LONDON — British lawmakers on Monday accused major multinational companies of aggressive tax avoidance, amid calls by the U.K. government for a global crackdown on firms that seek to evade taxes.
In sometimes bitter exchanges at a three-hour parliamentary committee hearing, legislators questioned Starbucks, Google and Amazon about the amount they pay to the U.K. government in taxation.
Lawmakers scoffed as Troy Alstead, Starbucks global chief financial officer, claimed that the fact the coffee giant had reported losses for all but one of the 15 years it has operated in the U.K. was because of poor performance — and not an attempt to minimize its taxes in Britain.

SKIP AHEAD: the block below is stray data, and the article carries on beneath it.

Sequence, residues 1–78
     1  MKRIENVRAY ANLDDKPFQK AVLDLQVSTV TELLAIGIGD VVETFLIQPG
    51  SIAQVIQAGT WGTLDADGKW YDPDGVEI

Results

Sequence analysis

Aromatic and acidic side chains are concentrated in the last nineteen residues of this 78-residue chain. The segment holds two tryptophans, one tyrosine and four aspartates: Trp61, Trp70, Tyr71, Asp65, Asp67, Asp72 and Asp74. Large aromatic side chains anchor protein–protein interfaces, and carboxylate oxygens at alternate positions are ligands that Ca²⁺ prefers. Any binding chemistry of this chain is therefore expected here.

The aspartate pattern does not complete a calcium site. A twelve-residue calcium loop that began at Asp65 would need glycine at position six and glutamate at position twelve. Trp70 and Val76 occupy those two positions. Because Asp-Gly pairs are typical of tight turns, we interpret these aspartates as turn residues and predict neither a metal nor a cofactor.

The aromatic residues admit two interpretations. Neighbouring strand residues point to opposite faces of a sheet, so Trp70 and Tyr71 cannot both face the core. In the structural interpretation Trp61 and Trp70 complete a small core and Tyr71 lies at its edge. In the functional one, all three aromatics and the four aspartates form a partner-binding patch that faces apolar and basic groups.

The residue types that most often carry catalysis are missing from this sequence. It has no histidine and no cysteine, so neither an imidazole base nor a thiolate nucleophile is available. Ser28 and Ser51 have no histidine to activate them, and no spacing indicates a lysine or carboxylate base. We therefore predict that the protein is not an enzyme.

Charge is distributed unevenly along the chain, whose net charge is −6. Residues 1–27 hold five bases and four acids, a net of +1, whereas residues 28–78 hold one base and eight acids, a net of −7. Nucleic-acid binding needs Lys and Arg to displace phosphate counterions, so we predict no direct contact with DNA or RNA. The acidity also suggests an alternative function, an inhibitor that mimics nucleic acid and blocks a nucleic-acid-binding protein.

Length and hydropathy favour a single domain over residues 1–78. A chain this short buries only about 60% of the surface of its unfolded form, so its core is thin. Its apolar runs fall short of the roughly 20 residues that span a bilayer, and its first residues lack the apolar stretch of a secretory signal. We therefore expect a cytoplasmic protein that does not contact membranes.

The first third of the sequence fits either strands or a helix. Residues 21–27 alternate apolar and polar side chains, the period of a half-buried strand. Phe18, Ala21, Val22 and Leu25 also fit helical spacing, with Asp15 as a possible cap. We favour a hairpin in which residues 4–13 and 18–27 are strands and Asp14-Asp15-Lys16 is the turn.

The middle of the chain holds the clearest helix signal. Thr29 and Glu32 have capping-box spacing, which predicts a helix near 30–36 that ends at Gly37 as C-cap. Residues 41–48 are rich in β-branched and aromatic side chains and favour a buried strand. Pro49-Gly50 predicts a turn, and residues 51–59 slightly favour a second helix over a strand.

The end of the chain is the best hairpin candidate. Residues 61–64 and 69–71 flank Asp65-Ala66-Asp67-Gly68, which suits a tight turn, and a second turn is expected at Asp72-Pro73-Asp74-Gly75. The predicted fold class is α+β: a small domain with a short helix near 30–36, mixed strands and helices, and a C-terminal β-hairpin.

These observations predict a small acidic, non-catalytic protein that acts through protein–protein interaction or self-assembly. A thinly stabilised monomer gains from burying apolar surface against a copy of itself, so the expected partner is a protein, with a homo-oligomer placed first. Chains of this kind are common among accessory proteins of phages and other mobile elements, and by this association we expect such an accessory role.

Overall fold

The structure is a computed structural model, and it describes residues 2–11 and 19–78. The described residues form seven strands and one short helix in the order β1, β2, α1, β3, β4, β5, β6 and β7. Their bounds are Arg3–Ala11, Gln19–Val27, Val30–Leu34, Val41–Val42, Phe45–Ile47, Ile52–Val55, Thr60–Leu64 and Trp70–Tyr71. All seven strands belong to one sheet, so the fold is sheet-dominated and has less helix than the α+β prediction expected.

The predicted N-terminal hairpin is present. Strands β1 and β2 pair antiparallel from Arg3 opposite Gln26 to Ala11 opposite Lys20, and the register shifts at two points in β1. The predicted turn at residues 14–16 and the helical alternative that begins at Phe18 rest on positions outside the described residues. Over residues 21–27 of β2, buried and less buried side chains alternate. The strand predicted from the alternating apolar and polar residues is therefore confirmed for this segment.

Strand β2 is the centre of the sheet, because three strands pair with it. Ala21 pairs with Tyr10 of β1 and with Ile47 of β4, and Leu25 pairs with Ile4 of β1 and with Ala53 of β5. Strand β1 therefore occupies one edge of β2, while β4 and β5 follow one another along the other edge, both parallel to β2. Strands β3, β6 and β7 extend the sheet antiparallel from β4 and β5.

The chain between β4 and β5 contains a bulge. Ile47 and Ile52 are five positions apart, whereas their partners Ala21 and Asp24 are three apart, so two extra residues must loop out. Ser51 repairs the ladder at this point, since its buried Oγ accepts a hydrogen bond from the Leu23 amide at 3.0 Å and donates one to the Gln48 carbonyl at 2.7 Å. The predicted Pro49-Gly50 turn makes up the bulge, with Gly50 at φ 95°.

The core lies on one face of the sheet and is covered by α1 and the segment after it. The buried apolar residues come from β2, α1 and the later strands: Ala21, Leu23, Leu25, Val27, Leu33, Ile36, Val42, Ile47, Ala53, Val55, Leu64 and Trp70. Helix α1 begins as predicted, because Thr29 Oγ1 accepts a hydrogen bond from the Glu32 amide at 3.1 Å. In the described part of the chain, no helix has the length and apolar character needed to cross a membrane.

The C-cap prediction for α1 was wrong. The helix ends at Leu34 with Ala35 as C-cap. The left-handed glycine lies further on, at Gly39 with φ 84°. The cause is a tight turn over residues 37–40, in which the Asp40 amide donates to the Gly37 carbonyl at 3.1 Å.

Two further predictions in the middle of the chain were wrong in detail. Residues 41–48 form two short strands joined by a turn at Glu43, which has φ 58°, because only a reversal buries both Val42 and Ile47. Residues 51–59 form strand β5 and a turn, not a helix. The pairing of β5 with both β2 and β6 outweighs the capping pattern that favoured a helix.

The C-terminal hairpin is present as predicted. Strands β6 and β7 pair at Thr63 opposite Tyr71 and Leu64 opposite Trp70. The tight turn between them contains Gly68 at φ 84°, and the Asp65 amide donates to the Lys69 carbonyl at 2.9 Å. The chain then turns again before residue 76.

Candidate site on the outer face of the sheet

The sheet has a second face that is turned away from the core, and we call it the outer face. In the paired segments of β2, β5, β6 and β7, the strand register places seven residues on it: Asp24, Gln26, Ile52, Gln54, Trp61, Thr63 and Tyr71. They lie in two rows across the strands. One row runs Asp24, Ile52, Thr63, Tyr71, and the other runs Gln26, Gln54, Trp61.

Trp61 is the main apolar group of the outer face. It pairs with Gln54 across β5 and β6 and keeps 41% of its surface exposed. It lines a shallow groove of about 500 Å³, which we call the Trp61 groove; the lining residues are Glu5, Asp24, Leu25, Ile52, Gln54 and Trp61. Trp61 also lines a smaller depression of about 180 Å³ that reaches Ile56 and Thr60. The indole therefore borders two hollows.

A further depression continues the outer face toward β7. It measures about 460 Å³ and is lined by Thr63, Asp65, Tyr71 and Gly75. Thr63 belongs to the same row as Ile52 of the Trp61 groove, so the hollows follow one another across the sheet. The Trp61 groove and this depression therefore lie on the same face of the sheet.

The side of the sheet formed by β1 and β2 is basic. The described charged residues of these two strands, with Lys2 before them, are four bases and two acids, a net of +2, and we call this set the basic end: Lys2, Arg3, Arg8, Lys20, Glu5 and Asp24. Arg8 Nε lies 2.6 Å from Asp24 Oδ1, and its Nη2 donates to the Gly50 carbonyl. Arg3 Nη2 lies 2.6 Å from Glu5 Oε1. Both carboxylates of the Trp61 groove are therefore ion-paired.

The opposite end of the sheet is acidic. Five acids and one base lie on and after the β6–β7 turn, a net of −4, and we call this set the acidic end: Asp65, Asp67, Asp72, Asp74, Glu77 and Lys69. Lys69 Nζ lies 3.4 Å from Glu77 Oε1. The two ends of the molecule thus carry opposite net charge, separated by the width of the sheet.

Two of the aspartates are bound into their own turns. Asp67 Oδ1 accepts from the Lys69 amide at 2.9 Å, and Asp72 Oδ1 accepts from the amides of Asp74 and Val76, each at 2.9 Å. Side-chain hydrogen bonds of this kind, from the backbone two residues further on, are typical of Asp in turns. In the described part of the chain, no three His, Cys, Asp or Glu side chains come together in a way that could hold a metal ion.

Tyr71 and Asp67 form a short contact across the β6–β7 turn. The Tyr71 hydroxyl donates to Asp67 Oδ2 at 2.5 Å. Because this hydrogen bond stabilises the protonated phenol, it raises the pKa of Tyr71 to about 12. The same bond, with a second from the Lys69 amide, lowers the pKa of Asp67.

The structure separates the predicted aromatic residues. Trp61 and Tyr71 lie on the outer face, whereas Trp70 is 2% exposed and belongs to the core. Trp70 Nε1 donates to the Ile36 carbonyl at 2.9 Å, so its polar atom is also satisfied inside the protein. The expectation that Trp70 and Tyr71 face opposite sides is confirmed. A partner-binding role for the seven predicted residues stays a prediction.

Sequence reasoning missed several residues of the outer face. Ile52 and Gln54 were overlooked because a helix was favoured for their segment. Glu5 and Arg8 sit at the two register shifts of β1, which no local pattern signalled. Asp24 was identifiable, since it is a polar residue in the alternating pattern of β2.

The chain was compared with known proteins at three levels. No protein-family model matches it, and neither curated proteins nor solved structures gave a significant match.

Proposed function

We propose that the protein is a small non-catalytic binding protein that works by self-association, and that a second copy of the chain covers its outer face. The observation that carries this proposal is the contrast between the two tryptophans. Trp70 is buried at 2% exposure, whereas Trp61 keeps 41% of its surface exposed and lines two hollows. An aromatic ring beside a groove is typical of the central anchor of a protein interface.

You have run the business for 15 years and are losing money and you are carrying on investing here. It just doesn't ring true, said Margaret Hodge, head of parliament's Public Accounts Committee.
Matt Brittin, chief executive of Google UK, told the committee that his company picked Ireland and Bermuda as main bases because tax rates were favorable. Brittin denied one lawmaker's accusation that the Internet search giant was breaching its own code of Don't be evil.
We comply with the law in the U.K., he said.
Hodge fired back, saying lawmakers were not accusing you of being illegal, we are accusing you of being immoral.